The symphony of revolution
One of the most enduring stereotypes of that heterogeneous bunch who go by the name of ‘revolutionaries’ is that they are middle class, from stable backgrounds and that in truth the very idea of being radical is a youthful, incomprehensible reaction against the cloying atmosphere of a home in which daddy and mummy really did love one another. Often this stereotype can translate as a disrespect for ‘intellectuals’ who talk about the working class and how to ‘fix’ society.
Even within the Labour Party, there are those who attack any notion that in order to explain the experiences of everyday life and to render social, political and economic experience cogent, one might be forced to depart from using the everyday language of ‘common sense.’ These attitudes have their inverse also; many revolutionaries whom I have known railed against listening to classical music as a bourgeois taste, a capitulation to mainstream opinion, as though their grunge was a protest.
I’ve never felt akin to either of these attitudes, being an ardent lover of classical (or properly ‘western art’) music, apart from baroque which is just so tedious, and also being something of an intellectual – at least by the standards of those people I’ve debated with on Labour Members’ Net. Yet I’ve always wondered whether or not these attitudes are developed as a result of the culturally lacking proletariat from which these elements emerge.
That might seem snobby, to imply that as a general rule the working class in this country lack culture, but then no one who teaches outside of grammar or private schools can argue that any significant proportion of our children or their parents seem like well-educated sorts. Perhaps that’s an indictment of the examination-focused education system but even were our system different, in day-to-day life people aren’t encouraged to study or talk about abstract knowledge or theories of art or music.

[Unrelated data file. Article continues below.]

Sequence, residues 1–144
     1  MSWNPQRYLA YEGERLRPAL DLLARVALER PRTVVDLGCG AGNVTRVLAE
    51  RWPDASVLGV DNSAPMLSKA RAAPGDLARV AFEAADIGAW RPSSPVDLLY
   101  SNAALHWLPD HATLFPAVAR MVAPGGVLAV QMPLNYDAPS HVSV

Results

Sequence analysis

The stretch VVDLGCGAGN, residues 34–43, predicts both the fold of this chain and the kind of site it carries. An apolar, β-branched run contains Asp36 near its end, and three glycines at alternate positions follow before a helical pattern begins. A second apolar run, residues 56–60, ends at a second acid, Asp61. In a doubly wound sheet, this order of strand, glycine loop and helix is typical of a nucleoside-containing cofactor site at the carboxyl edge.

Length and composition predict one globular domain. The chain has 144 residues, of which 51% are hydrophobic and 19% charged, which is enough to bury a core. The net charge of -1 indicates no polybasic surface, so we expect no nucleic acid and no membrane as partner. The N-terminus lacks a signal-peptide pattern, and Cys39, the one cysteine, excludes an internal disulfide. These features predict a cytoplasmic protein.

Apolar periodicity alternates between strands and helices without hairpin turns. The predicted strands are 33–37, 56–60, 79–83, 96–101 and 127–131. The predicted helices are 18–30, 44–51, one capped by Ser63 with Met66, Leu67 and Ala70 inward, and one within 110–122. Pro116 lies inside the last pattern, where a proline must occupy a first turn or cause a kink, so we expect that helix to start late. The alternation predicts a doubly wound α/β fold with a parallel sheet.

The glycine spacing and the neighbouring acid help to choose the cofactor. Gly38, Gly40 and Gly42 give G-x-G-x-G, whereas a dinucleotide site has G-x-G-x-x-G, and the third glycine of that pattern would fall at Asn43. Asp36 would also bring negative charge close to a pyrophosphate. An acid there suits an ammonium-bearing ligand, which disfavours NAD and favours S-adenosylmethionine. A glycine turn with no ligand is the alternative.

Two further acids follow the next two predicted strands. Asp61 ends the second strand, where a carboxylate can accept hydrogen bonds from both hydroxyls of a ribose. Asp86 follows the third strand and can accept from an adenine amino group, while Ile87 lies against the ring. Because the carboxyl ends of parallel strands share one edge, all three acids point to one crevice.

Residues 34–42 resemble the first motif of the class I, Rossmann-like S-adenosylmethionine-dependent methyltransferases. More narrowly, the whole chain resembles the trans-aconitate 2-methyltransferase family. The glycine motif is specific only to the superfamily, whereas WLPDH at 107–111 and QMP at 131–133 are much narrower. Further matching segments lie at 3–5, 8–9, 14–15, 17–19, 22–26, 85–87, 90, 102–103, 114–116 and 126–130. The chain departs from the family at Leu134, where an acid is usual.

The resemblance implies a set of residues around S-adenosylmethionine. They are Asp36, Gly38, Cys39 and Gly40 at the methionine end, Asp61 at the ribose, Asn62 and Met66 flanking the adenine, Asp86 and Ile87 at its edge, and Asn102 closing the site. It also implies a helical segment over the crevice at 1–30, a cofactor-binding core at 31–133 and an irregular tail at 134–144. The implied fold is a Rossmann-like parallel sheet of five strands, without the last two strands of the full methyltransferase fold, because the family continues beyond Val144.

Nothing says that in enjoying this sort of thing, we should exclude simpler forms of art such as the absolutely hilarious LOLCat Bible or that relating to each other on the level of daily experience would become obsolete. Yet the purpose, in my view, of a communistic society would be to broaden the experience of the masses and lift the level of common knowledge above the merely technical, which we need to get by, towards the vistas of philosophy achieved only by a minority under hitherto existing forms of society.
In Soviet Russia, the opposition to the broadening of education in what could be considered the dominant forms of bourgeois culture was known as Proletkult, short for Proletarian Culture. One of Trotsky’s major essays, Literature and Revolution, was aimed against that strand of thought – and for all the snobbery one might wish to perceive in a diagnosis that suggests the working class could be better educated, I’m forever encouraged by the lofty goal expressed by Trotsky of ‘levelling up’ the working class.
We might find some relevance in that in a country where we are constantly complaining about the dumbing down of the BBC, the collapse of education standards and any number of other ways we have of suggesting that we’re not achieving anything like that powerful, earth-moving vision of a future which men had ninety years ago. Miners’ reading groups might be gone, the political education officer in CLPs might get little traction but it is our duty for fight for the education of the working class, not merely to pass the buck to private institutions.